Guest Post by Joe Newman-Getzler
Note from Josh:
One day last week, I was sitting calmly at home when Joe, my 16 year old son familiar to readers of this blog as my periodic stand-in (and current HSG intern), came in, outraged. “I can’t believe what happened!” I thought perhaps the Supreme Court had ruled on something. But it was better. “My Little Pony just used the Idiot Plot,” he said, sputtering, and then gave me a 10 minute explanation. It was fascinating and cogent. He has agreed to summarize it below, and I thought it has somewhat surprisingly strong relevance to our readership. JG
Before I begin, I should warn you: this is an essay about the significance of a writing trope found in My Little Pony: Friendship is Magic. Yes, the show about cartoon ponies with names like Princess Twilight Sparkle and Pinkie Pie going on adventures where they learn about friendship and being nice to each other. If thinking about this undermines the overall message of the essay for you, bear with me. I actually have something to say here. If it’s too distracting, turn back now. It’s only getting more ridiculous from here.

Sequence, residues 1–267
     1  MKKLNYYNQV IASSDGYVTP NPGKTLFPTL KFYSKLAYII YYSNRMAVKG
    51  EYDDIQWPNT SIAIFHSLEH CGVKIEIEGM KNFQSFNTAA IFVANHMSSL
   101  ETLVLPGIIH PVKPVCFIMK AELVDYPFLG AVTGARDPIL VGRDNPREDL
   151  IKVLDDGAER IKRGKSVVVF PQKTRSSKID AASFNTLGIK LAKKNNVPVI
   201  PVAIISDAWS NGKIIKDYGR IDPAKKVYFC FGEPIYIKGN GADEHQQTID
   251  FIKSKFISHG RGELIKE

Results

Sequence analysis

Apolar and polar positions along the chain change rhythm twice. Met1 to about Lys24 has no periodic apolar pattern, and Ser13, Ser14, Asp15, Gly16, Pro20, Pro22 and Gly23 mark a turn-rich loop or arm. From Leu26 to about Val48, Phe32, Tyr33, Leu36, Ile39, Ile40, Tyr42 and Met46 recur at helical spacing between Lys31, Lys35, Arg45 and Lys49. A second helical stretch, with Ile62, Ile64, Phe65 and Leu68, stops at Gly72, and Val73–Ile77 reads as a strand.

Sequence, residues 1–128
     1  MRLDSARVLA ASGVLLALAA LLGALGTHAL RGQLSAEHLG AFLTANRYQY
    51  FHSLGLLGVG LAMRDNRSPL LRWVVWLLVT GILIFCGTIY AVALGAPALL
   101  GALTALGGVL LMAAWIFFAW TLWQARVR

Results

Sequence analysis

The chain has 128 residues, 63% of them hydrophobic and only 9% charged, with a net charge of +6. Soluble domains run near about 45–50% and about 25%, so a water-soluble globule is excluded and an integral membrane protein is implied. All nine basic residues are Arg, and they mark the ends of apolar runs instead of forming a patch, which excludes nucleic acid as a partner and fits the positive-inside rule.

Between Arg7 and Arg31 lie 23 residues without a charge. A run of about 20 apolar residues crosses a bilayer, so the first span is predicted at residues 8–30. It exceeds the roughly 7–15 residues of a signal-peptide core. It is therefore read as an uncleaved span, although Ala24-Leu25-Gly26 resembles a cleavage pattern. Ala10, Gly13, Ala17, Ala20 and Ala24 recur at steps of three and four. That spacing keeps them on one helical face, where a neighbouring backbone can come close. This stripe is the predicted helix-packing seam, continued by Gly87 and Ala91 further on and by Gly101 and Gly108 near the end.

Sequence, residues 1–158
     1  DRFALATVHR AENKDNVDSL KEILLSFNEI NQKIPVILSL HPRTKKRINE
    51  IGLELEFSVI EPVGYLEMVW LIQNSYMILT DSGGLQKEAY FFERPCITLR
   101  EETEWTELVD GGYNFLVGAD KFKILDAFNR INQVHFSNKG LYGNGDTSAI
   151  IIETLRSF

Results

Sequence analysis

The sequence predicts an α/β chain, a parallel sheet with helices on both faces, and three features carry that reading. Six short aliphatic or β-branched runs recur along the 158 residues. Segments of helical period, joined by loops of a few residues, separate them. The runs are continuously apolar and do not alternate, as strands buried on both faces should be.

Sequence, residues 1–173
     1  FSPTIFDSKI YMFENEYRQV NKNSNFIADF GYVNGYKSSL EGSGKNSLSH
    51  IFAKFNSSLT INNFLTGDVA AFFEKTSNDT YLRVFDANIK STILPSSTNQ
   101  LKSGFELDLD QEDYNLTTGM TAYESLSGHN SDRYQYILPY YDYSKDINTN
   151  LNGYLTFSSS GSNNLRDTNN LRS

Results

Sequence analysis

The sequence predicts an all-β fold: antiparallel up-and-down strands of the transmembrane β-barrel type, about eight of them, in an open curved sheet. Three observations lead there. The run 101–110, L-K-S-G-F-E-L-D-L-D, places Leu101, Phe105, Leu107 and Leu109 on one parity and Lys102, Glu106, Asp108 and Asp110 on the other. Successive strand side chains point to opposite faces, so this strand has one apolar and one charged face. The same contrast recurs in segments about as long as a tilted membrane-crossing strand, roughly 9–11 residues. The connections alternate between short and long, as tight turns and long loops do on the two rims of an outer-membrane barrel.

Of all the writing tropes and clichés that can be commonly found in media, the one I can’t stand the most is one called “The Idiot Plot.” The Idiot Plot, a name coined by the late film critic Roger Ebert, is the kind of plot where a misunderstanding arises that could be solved in minutes if the characters weren’t idiots. Say, in a romantic comedy, a girl spots her boyfriend from afar huddled up with another girl, making her believe he is having an affair. In actuality, he was just showing this other girl a video, and when he gets home, he is bewildered to see his girlfriend so mad. In the world of regular humans, a situation such as this would be resolved by him explaining the situation to her, with the other girl backing him up. It might be hard to believe at first, but if he’s sincere enough, they can hook up again and live happily ever after. But, being the Idiot Plot, he now has to jump through hoops to regain her love (ideally through several misunderstandings that make him look like a clod).